The legal battle between Global Music Rights (GMR) and the Radio Music License Committee (RMLC) has taken another interesting turn, as a federal judge has allowed each of their antitrust lawsuits to proceed.
GMR had been attempting to dismiss the RMLC’s antitrust lawsuit, which alleges that the performers’ rights group formed a monopoly on songs and used the advantageous position to inflate licensing costs. In his decision, U.S. District Judge Terry J. Hatter Jr. avoided insinuating that RMLC’s claims were sure to be proven true in court, but indicated that their foundation was sufficient to ward off a dismissal.
Similarly, Judge Hatcher Jr. ruled that GMC’s antitrust lawsuit against the RMLC could proceed. The RMLC had been trying to dismiss the case, which essentially asserts that its stations collude with one another to leverage negotiating power and drive down the cost of song licenses. As with the RMLC antitrust suit, the judge made clear that his allowing the matter to be heard in court was not an endorsement of the truthfulness of the alleged misconduct claims.
However, Judge Hatcher Jr. dismissed the portion of the RMLC’s lawsuit that sought damages from GMR. The 78-year-old stated that a trade group comprised of various companies in a business sphere cannot band together and sue competing entities for financial compensation, especially when it, like the RMLC, is a non-profit organization.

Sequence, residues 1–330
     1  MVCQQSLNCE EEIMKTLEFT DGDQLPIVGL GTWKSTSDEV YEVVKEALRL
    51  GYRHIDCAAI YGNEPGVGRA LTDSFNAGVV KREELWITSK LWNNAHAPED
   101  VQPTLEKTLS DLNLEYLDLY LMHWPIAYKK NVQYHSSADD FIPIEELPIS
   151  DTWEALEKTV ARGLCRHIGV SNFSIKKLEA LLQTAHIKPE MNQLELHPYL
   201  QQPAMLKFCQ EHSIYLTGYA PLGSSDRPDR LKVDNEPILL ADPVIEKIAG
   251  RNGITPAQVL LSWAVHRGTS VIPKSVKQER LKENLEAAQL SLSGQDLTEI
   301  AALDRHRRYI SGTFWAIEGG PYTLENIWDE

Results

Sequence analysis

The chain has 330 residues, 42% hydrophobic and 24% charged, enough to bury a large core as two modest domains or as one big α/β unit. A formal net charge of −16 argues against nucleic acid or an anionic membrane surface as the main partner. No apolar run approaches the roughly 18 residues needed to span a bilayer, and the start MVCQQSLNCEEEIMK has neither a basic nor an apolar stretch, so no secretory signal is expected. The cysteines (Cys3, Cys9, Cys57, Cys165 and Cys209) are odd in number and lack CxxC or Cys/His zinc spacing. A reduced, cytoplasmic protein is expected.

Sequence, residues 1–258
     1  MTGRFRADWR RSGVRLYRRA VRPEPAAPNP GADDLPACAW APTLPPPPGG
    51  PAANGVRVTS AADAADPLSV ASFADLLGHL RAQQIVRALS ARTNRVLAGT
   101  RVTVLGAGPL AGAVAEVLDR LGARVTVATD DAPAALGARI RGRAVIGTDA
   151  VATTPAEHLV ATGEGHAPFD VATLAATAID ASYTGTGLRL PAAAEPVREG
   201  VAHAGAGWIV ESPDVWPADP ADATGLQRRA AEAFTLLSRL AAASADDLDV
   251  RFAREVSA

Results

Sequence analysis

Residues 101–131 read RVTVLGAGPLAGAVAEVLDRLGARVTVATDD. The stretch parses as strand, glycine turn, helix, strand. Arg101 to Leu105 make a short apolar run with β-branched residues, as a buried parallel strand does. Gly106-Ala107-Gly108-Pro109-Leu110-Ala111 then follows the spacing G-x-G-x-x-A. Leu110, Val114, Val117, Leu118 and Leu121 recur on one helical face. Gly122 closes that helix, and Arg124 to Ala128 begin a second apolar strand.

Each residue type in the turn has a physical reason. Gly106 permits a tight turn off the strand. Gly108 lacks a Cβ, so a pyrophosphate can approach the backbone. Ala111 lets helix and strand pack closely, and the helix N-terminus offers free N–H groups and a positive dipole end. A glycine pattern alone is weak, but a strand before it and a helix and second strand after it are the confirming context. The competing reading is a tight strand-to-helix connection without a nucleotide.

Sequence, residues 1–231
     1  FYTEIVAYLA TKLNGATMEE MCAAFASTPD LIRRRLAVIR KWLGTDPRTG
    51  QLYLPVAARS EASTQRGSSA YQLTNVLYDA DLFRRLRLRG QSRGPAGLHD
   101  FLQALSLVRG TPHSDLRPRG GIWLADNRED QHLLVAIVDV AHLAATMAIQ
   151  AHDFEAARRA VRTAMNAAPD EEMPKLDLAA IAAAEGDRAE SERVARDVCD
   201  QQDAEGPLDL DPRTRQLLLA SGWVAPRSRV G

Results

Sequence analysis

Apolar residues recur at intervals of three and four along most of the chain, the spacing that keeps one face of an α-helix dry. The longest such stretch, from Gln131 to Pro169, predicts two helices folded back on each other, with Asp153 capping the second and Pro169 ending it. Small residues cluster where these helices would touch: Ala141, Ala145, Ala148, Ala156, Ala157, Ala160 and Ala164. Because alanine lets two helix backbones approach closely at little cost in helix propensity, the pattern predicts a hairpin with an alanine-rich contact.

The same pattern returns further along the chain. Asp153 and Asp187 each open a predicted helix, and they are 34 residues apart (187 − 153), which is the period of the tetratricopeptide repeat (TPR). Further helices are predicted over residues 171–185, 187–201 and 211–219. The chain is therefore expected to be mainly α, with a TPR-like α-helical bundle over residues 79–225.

Last year, the Department of Justice weighed in on the lawsuits by of GMR, chiefly by saying that the RMLC’s collective boycotting may violate existing antitrust laws.
GMR was founded in 2013 as a higher-tiered performance rights organization, and a number of high-profile artists, including Bruno Mars, Bruce Springsteen, Childish Gambino, Drake, and Travis Scott, have signed with the group. The RMLC is based out of Nashville and advocates “the interests of the commercial radio industry on music licensing matters.”
Late last month, the RMLC a long-running lawsuit with Broadcast Music, Inc. (BMI). Thus, it’s not impossible that GMR and the RMLC will eventually put their differences aside and establish a typical professional relationship—even if the possibility seems remote at the moment.